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Aquiring Credit

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Emily Burnette

on 11 May 2010

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Transcript of Aquiring Credit

Aquiring Credit

Any additional fee added to the original amount of a loan can be called a finance charge. Annual Percentage Rate, or APR, is a measure of how much interest will be on an annual basis without taking into account compound interest. Annual Percentage Yield, or APY, is the same interest rate measure, but accounts for compound interest - a better measure of how much you will actually pay in interest. Banks and credit card issuers often express credit card interest rates in APR, in order to better hide just how much interest would cost. Annual Fee- Any fee that is charged on an annual (yearly) basis. One of the most common occurrences of an annual fee is the fee that is charged by some credit card companies to their credit card holders, simply for having the credit card. This fee is charged regardless of anything else (the amount or value of purchases with the credit card, for example).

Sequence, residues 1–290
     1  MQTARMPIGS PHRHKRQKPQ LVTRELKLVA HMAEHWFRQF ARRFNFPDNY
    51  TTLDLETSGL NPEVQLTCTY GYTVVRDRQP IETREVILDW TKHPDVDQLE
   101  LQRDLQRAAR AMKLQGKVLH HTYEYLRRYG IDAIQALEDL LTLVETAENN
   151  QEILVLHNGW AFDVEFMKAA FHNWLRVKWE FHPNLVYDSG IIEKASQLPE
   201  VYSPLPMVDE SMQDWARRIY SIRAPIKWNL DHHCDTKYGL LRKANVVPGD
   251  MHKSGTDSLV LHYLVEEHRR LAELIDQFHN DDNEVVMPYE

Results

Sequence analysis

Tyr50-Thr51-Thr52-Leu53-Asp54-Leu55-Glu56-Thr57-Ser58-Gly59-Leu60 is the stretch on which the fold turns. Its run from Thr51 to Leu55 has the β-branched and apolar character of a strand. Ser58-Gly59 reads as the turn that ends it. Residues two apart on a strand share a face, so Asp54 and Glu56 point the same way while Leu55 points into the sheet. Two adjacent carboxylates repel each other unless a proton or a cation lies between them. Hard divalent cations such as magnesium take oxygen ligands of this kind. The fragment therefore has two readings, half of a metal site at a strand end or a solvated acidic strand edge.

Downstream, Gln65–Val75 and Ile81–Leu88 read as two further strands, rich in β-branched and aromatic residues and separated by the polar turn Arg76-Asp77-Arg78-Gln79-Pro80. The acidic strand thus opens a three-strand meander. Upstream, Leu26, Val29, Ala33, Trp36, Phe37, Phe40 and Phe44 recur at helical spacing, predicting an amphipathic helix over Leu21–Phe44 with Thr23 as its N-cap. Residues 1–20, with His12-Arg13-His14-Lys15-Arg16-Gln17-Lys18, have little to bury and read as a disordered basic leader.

Acquiring credit means you can use someone else's money for a certain period of time to expand your immediate purchasing power. Being aware of the types of consumer credit and the ways in which you are protected by law will help you get the most out of your money. Advantages and Disadvantages of Credit * Credit is handy and convenient.
* You can meet temporary emergencies and difficulties.
* You do not have to carry large sums of money.
* You can use an item while you are paying for it.
* You may get better service on credit merchandise.
* You can take advantage of sales.